We predicted (H1) that negative affect would predict plagiarism intentions mediated by positive attitudes toward plagiarism, subjective plagiarism norms, and, in Study 2, self-control. In both Studies 1 and 2, negative affect predicted subjective plagiarism norms, which predicted plagiarism intentions. Furthermore, when self-control was measured in Study 2, it also mediated the relationship between negative affect and plagiarism intentions. In addition to these findings, as predicted (H2), plagiarism intentions predicted plagiarism behaviour in both studies. Interestingly, however, in both studies, there was no indirect effect of negative affect on plagiarism behaviour through positive plagiarism attitudes and intentions. Moreover, in both studies, negative affect directly predicted plagiarism behaviour in addition to its prediction of the mediators.
The results of the present studies are an incremental advance on previous findings, which indicated that negative affect predicts plagiarism attitudes and subjective norms (Fu and Tremayne 2021; Ives 2020; Tindall and Curtis 2020). In particular, the present studies demonstrated that negative affect predicts plagiarism intentions and plagiarism behaviour; partly mediated by self-control and perceived norms. Previous studies, such as Fu and Tremayne’s (2021) and Tindall and Curtis’s (2020), had not examined plagiarism behaviour, and it thus remained an open question whether students’ negative emotions were related to academic integrity breaches. Although Karim et al. (2009) had linked trait neuroticism with plagiarism behaviour, they did not assess whether there was a relationship between current emotional states and academic misconduct, or whether the neuroticism-plagiarism relationship was mediated by attitudes, norms, self-control, or intentions.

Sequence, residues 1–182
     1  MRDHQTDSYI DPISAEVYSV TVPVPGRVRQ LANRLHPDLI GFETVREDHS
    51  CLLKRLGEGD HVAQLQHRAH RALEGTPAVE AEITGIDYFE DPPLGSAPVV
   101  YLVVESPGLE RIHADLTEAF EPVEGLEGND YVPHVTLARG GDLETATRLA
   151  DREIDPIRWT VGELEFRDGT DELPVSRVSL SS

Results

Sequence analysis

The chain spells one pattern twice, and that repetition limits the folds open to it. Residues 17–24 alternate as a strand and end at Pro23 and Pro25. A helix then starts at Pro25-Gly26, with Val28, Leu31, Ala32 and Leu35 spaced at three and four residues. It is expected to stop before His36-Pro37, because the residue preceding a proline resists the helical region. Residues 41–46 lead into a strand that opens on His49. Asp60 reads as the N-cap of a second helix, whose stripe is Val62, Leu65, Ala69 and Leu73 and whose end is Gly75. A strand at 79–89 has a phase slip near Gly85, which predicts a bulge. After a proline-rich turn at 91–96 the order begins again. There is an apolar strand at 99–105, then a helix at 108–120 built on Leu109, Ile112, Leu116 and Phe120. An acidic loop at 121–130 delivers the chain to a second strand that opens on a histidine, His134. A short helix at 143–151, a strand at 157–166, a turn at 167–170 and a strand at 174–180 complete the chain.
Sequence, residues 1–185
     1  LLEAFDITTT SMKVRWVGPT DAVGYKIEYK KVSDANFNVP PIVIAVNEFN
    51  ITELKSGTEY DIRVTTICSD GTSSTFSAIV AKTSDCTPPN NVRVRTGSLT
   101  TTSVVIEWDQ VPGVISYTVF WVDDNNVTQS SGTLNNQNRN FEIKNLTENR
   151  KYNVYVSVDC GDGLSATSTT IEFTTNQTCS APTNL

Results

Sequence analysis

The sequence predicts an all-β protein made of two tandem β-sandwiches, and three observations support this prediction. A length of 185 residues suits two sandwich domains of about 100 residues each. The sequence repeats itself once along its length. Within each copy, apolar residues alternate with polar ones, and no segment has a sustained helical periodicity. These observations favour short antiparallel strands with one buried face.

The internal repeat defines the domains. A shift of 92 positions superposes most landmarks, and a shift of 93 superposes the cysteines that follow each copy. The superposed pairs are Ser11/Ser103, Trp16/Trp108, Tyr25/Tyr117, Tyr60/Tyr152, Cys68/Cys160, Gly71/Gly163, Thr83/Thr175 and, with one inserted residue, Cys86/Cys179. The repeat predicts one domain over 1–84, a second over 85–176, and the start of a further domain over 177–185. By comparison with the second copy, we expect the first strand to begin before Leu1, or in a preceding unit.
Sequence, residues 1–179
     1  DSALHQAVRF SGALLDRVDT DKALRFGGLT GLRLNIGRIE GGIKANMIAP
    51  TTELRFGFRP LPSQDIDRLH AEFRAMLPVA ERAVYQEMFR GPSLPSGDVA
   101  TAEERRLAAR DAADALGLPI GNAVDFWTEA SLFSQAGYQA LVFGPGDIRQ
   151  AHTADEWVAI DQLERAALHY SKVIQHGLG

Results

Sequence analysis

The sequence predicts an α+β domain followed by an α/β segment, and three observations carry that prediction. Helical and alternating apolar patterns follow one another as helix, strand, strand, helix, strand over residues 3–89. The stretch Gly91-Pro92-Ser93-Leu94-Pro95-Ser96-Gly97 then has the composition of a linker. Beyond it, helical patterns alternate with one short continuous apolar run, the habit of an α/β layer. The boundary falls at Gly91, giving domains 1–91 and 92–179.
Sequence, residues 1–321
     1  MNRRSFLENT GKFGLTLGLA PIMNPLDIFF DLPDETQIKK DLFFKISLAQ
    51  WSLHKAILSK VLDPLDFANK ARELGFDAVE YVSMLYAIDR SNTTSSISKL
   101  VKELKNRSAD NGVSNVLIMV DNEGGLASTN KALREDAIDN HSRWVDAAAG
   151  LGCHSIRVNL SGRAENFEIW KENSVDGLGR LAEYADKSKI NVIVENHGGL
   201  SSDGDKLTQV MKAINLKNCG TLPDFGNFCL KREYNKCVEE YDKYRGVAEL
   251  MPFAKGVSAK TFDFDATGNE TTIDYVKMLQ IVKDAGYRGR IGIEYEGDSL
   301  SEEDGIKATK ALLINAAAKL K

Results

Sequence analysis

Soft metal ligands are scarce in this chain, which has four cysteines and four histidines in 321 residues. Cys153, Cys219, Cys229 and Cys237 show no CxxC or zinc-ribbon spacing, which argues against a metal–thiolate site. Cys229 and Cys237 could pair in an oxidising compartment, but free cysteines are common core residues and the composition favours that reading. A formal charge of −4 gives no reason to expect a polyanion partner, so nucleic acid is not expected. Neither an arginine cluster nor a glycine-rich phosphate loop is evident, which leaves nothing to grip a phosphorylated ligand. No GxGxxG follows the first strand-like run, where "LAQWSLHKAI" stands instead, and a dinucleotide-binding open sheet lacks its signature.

The questions examined in the present studies were also interesting theoretically, given that the connection between attitudes and behaviour can be tenuous (Kraus 1995). Moreover, authors have argued that affect should be considered in predicting unethical behaviours (van Gelder 2013) and components of the TPB (Schwarz 1997). In addition, the research was interesting practically, because if negative affect was unrelated to plagiarism behaviour, there would be little pragmatic impact on academic integrity of ameliorating these emotions among students. However, the relationship between negative emotionality and plagiarism behaviour suggests potential interventions. Therefore, the findings of the current studies are valuable on two fronts, theoretical and practical.
In Studies 1 and 2, subjective norms both directly and indirectly predicted plagiarism behaviours via intentions. The relationship between intentions and plagiarism behaviour supports the growing body of research (e.g. Alleyne and Phillips 2011; Curtis et al. 2018) utilising the TPB (Ajzen 1991) when explaining engagement in academic misconduct. The involvement of intentions in predicting plagiarism behaviour indicates that plagiarism can occur consciously, as intentions are, by definition, conscious plans (Curtis et al. 2018). However, the direct pathways found between negative affect and plagiarism behaviours, and between subjective norms and plagiarism behaviours – both bypassing intentions, also suggests that plagiarism may be influenced by factors that reside outside of students’ conscious awareness (Curtis et al. 2018).